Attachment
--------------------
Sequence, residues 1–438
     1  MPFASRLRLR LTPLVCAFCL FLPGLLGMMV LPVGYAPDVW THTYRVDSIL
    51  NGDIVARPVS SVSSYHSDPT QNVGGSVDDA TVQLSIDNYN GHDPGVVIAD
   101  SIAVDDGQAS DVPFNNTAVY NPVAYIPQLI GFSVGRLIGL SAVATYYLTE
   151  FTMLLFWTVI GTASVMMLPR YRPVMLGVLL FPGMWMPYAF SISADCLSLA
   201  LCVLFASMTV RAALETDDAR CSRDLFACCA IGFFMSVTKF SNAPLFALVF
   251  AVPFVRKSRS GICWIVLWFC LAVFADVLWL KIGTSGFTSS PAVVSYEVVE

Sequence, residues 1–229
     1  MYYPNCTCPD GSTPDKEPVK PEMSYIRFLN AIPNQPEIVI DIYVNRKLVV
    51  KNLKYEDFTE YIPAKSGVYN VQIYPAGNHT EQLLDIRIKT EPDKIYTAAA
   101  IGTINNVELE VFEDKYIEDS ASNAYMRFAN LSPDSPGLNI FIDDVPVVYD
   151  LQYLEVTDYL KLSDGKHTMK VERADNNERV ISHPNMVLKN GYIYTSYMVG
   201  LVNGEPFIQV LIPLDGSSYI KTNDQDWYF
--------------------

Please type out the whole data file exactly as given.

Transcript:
Sequence, residues 1–438
     1  MPFASRLRLR LTPLVCAFCL FLPGLLGMMV LPVGYAPDVW THTYRVDSIL
    51  NGDIVARPVS SVSSYHSDPT QNVGGSVDDA TVQLSIDNYN GHDPGVVIAD
   101  SIAVDDGQAS DVPFNNTAVY NPVAYIPQLI GFSVGRLIGL SAVATYYLTE
   151  FTMLLFWTVI GTASVMMLPR YRPVMLGVLL FPGMWMPYAF SISADCLSLA
   201  LCVLFASMTV RAALETDDAR CSRDLFACCA IGFFMSVTKF SNAPLFALVF
   251  AVPFVRKSRS GICWIVLWFC LAVFADVLWL KIGTSGFTSS PAVVSYEVVE

Sequence, residues 1–229
     1  MYYPNCTCPD GSTPDKEPVK PEMSYIRFLN AIPNQPEIVI DIYVNRKLVV
    51  KNLKYEDFTE YIPAKSGVYN VQIYPAGNHT EQLLDIRIKT EPDKIYTAAA
   101  IGTINNVELE VFEDKYIEDS ASNAYMRFAN LSPDSPGLNI FIDDVPVVYD
   151  LQYLEVTDYL KLSDGKHTMK VERADNNERV ISHPNMVLKN GYIYTSYMVG
   201  LVNGEPFIQV LIPLDGSSYI KTNDQDWYF